When I first saw the BeagleBone Black, it was a no-brainer instant buy. An open platform, powerful enough to run Android effectively, for under $50, with an onboard eMMC for storage! That last piece was the prime driver. Basically every platform out there today (even those used in many production devices) rely on an external SD/MMC card for storage rather than providing any capable flash on the board; and that really bugs me. So when I saw the opportunity to do away with block-writing images to partitioned SD cards, I jumped.
After reading through the latest Developer Guide for Android on the AM335X, I was even more ecstatic to find that it claimed fastboot support, the same protocol Google uses to flash partition images onto the Nexus devices. This would make it so much easier to make changes to a system image and flash it back to the device without the constant swapping of SD cards (especially if, like me, your Linux environment is in a VM, adding extra annoying steps to getting the SD card mounted each time you need to update it)! I was a bit saddened at first to learn that this capability was not built into the bootloader that the board was shipped with. I believe the eMMC on this board is one of its greatest features and the community should be pushing people to use it by enabling that support out of the box. However, the instructions didn’t seem awful, so I gave it a try.
Well, as one might expect the instructions set forth don’t give you the full picture. So, in hopes of saving others from similar fits of rage, here are the basic steps I went through to finally get this enabled on my BeagleBone Black. For reference, my hardware is a Rev A5A, but at least as it stands today the process should be the same for any subsequent revision as well.
How It Works
As I mentioned, the bootloader currently resident on the eMMC when you unbox your BBB does not support fastboot. Furthermore, the version of u-boot in the TI DevKit sources does allow enabling of fastboot, but it directs all writes to the external SD card, so it can’t be used to flash the on-board eMMC. What follows are the steps to get a proper u-boot image built and flashed onto the eMMC of the board. From this point forward, I’m assuming you have the TI Android DevKit Sources installed in your Linux environment.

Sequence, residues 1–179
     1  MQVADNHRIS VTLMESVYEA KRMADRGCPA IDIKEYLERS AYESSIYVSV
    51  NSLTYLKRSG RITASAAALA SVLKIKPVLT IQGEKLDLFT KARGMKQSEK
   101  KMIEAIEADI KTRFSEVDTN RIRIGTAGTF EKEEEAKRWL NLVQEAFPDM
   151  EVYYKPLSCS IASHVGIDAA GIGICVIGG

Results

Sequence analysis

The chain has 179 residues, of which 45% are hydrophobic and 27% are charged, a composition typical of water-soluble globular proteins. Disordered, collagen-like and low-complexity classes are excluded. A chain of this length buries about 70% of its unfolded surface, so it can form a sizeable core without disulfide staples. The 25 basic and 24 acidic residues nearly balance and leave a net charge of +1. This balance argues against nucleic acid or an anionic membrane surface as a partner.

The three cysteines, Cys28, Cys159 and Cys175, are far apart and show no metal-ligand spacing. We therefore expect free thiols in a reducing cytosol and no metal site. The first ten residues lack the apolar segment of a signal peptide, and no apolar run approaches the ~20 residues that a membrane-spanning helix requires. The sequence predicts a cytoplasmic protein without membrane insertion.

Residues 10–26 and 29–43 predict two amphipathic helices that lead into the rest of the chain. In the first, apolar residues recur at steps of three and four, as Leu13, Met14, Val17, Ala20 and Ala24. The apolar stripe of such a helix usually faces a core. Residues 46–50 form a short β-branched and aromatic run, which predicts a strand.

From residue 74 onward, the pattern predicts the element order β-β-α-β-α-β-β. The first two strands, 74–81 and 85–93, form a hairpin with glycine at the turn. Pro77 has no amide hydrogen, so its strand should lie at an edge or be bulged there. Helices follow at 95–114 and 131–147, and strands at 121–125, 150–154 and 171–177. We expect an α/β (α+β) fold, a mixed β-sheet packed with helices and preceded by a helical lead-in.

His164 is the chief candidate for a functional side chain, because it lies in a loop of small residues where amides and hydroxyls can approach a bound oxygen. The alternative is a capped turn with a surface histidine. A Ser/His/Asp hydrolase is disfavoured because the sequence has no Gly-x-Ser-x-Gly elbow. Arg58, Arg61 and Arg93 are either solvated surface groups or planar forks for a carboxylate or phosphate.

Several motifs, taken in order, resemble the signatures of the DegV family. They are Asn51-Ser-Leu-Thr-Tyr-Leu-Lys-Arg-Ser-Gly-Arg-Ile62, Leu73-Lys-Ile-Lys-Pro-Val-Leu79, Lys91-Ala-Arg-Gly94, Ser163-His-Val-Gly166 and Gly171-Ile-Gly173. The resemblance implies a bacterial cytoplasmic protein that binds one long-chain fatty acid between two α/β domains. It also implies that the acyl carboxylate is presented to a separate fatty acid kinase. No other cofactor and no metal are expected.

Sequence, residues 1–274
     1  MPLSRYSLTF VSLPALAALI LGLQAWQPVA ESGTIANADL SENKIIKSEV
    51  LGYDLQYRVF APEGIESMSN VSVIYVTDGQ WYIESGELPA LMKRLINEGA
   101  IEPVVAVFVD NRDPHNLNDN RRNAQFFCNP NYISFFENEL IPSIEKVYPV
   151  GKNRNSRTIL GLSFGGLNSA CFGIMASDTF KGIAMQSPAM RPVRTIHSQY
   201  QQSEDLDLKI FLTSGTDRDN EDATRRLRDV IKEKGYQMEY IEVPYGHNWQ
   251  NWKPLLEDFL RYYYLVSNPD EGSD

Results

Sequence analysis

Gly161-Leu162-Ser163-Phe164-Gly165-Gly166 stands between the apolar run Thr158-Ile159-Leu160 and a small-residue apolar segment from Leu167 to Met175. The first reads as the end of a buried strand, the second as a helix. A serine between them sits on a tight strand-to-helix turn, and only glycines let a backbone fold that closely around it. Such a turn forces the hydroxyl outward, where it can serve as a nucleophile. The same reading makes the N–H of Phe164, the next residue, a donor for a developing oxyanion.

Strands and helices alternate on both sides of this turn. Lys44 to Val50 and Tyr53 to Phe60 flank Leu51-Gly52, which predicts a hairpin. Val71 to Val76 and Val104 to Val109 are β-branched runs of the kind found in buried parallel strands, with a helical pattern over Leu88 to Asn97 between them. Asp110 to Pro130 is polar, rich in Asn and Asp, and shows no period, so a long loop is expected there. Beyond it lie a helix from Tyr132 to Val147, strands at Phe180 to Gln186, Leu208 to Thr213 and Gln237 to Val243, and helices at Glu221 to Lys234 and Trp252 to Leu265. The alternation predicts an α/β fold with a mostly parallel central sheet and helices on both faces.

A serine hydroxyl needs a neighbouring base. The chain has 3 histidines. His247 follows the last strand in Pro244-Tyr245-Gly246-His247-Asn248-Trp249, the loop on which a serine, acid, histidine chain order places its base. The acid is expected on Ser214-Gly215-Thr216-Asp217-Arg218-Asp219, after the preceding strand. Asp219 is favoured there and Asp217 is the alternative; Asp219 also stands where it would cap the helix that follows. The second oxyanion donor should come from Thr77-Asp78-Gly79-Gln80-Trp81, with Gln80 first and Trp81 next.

Step 0: Download the correct sources.
We first need to clone and checkout the proper commit that includes the eMMC support necessary for fastboot, since the DevKit gave us the wrong version.
$ git clone git://gitorious.org/rowboat/u-boot.git $ cd u-boot $ git checkout 6d40c2a2b5e6a1243da890c3b36bf3d89e275940
Step 1: Modify the configuration
Before we build, we have to enable the fastboot support for eMMC in
#define CONFIG_MMC_FASTBOOT_DEV 1 /*Uncomment this to enable NAND fastboot*/ /*#define CONFIG_FASTBOOT_NAND */ /*Uncomment this to support eMMC booting*/ #define CONFIG_STORAGE_EMMC
CONFIG_MMC_FASTBOOT_DEV option tells the bootloader to direct output to MMC1, which is the address of the eMMC (this option is ignored in the sources provided with the current DevKit); this option should already be defined if you are using the right sources. The
CONFIG_STORAGE_EMMC option enables booting from the eMMC; this option needs to be uncommented. Make sure to keep
CONFIG_FASTBOOT_NAND commented out, it is not compatible with the eMMC mode.
Step 2: Build u-boot
You need to first have a valid toolchain in your path, which is available from the Android prebuilts in the DevKit sources:
$ export PATH=<devkit_path>/prebuilts/gcc/linux-x86/arm/arm-eabi-4.6/bin:$PATH
At this point, you can pretty well follow the instructions given in the Developer Guide for Fastboot to create the MLO and u-boot.img output files, and pre-pend the raw eMMC header to MLO.
Step 3: Make Your Last SD Card Image
If you have an existing SD card image that works, simple replace MLO and u-boot.img in that image and flash a new SD card. If you don’t, you can do the same with the Pre-built image for the BeagleBone Black from the DevKit Downloads Page. In this case, replace MLO and u-boot.img in the Boot_Images directory.
Insert this card in your BBB, hold down the USER button (S2), and apply power with the button held down. The device will boot with your new u-boot on the SD card (check the build date on the serial port output). Hit enter to break into the u-boot console when it says “Hit any key to stop autoboot:”
Step 4: Use fastboot from the SD card to get fastboot on the eMMC.
From the u-boot console prompt, type “fastboot”and hit enter. The device will say “fastboot entered…” or “fastboot initialized…” over the serial output. The BBB is now in fastboot mode. If you connect the USB mini cable to your host machine, you can check if the device is visible:
$ fastboot devices c8:a0:30:ac:53:61 fastboot $
If you see the device number echoed back, you’re good to go. If you don’t know where to find the fastboot binary on your host machine, it will either be in
<devkit_path>/out/host/linux-x86/bin/fastboot (if you’ve successfully built an Android image before), or you can find it in the
platform-tools/ directory of your Android SDK installation (my personal location of choice).
To flash MLO and u-boot onto the eMMC:
$ fastboot oem format $ fastboot flash spl <MLO_PATH>/MLO $ fastboot flash bootloader <UBOOT_PATH>/u-boot.img
You may also flash additional images at this time if you wish (system.img, userdata.img, etc.), or simply:
$ fastboot reboot
…to reset the device.
You can now remove your SD card an never use it again!
If you boot the device without an SD card inserted, and break back into the u-boot console, you will see that the “fastboot” command is now enabled on the bootloader burned into the eMMC. Using a modified version of Step 4, you can now flash any Android images directly onto the board memory using
fastboot flash. You won’t need to load the SPL or bootloader anymore either; just the partitions you need to update.